Medieval Theology and Modern Politics, New Haven, CT, Yale University Press, 1985,
chapter 2. On Qubs use of the prophet stories in the Qurn to illustrate modern times see A. H. Johns, Let my People Go! Sayyid Qutb and the Vocation of Moses, Islam and Christian

Muslim Relations, 1 (1990), 14370. Such an interpretation displays Qubs skills as an

exegete at their finest. For Qubs overall literary perspective see Issa J. Boullata, Sayyid Qubs Literary Appreciation of the Qurn, in Issa J. Boullata (ed.), Literary Structures of

Religious Meaning in the Qurn , Richmond, Curzon, 2000, pp. 35471.

anw Jawhar On Jawhar see J. Jomier, Le Cheikh Tantawi Jawhari (18621940) et son commentaire du Coran, Mlanges de lInstitut dominicain dtudes orientales du Caire , 5 (1958), 11574, and F. de Jong, The Works of anw Jawhar (18621940): Some Bibliographical and Biographical Notes, Bibliotheca Orientalis, 34 (1977), 15361.

On the general topic of science in the Qurn see Ahmad Dallal, Science and the Qurn, in Jane Dammen McAuliffe (ed.), Encyclopaedia of the Qurn, Leiden, E. J. Brill, 2005, volume 4, pp. 54058, for an excellent overview and comparison of classical and modern approaches to this question; this is more fully developed in his Islam, Science, and the

Challenge of History, New Haven, London: Yale University Press, 2010, especially chapter
4. There are many examples of books in English that look to the Qurn for scientific insights; see, for example, Hafiz Ghulam Sarwar, Philosophy of the Quran, Lahore, Muammad Ashraf, 1938. On arguments against scientific interpretations see Issa J. Boullata, Modern Qurn Exegesis: A Study of Bint al-Shis Method, The Muslim World, 64 (1974), 10313; J. Jomier, Lexgse scientifique du Coran daprs le Cheikh Amin al-Khouli, Mlanges de

lInstitut dominicain dtudes orientales du Caire, 4 (1957), 26980; Nidhal Guessoum, The
Quran, Science, and the (Related) Contemporary Muslim Discourse, Zygon, 43 (2008), 41131.

Tafsr in other parts of the Islamic world

On Ibn Bdis see Ali Merad, Ibn Badis: Commentateur du Coran, Paris, Librairie Orientaliste Paul Geuthner, 1971. For abab see his The Quran in Islam: Its Impact and Influence on

the Life of Muslims, Assadullah ad-Dhaakir Yate (trans.), London, Zahra Publications, 1987;
also S. H. Nasr, H. Dabashi and S. Vali Reza Nasr (eds), Shiism: Doctrines, Thought and

Spirituality, Albany, State University of New York Press, 1988, chapter 3, on abab and
another contemporary Iranian thinker, Ayatollah Murta Muahhar. For Indonesia and Malaysia see A. H. Johns, Quranic Exegesis in the Malay World: In Search of a Profile, in Andrew Rippin (ed.), Approaches to the History of the Interpretation

of the Qurn, Oxford, Oxford University Press, 1988, pp. 25787. For contemporary, printed
tafsrs see Howard M. Federspiel, An Introduction to Quranic Commentaries in Contemporary Southeast Asia, The Muslim World, 81 (1991), 14961, and idem, Popular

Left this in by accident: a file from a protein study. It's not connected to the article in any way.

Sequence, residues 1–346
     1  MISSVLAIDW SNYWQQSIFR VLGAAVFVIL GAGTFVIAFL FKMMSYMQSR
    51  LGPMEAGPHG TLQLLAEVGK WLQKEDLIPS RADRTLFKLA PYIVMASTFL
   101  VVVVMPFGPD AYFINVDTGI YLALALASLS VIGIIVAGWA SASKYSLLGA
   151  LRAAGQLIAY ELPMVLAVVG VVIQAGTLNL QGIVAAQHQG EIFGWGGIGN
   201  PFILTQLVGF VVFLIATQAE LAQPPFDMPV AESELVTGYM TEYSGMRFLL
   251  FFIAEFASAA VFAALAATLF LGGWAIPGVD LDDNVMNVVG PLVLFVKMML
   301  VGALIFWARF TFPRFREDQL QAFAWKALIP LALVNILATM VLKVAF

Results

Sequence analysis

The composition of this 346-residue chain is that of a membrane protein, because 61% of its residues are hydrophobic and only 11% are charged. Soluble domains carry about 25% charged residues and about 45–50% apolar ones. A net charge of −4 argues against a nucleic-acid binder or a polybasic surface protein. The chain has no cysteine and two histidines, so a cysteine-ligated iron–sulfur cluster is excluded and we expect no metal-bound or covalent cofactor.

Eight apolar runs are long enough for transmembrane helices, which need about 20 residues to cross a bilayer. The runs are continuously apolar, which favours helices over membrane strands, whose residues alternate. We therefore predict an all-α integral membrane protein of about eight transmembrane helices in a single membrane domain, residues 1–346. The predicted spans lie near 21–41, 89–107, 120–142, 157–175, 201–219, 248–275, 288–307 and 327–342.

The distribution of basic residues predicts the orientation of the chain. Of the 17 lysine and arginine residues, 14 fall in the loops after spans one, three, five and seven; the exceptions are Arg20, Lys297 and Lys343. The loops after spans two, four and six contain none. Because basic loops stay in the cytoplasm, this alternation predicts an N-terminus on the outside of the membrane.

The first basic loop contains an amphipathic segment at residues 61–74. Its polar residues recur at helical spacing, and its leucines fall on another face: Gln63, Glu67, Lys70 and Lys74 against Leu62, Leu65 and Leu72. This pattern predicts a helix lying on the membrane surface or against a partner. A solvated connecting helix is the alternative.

Indonesian Literature of the Qurn, Ithaca, NY, Modern Indonesia Project, 1994.
Types of critical approach These three Quranic passages are taken from the translation of Abdullah Yusuf Ali, The Holy

Quran: Text, Translation and Commentary, Beirut, Dar al-Arabia, 1968 (but many prints
exist); this translation is accompanied by an extensive commentary in the footnotes which exhibit Modernist tendencies (especially in the desire to spiritualize various aspects) which

are also reflected in the translation itself although modern Saudi reprints of the work have removed those elements. For an overview of modern approaches to the Qurn (with a classification of them into six types) see Erik Ohlander, Modern Quranic Hermeneutics,

Religion Compass, 3 (2009), 62036.

The first example On the visions of the afterlife see Jane Idelman Smith and Yvonne Yazbeck Haddad, The

Islamic Understanding of Death and Resurrection , Oxford, Oxford University Press, 2002
(originally published in 1981 by The State University of New York Press). On the fair maidens (r) see Maher Jarrar, Houris, in Jane Dammen McAulifffe (ed.),

Encyclopaedia of the Qurn, Leiden, Brill, 20016, volume 2, 4568.

The second example On Muslim interpretations of the birth process in light of these verses see Abul Fadl Mohsin Ebrahim, Biology as the Creation and Stages of Life, in Jane Dammen McAuliffe (ed.),

Encyclopaedia of the Qurn, Leiden, Brill, 20016, volume 1, pp. 22932.

On cosmology and the theme of the seven heavens see Angelika Neuwirth, Cosmology, in Jane Dammen McAulifffe (ed.), Encyclopedia of the Qurn, Leiden, Brill, 20016, volume 1, pp. 44058. The third example The interpretation of this highly contentious verse has received a great deal of attention; for a good summary of its treatment see Karen Bauer, Traditional Exegeses of Q 4:34,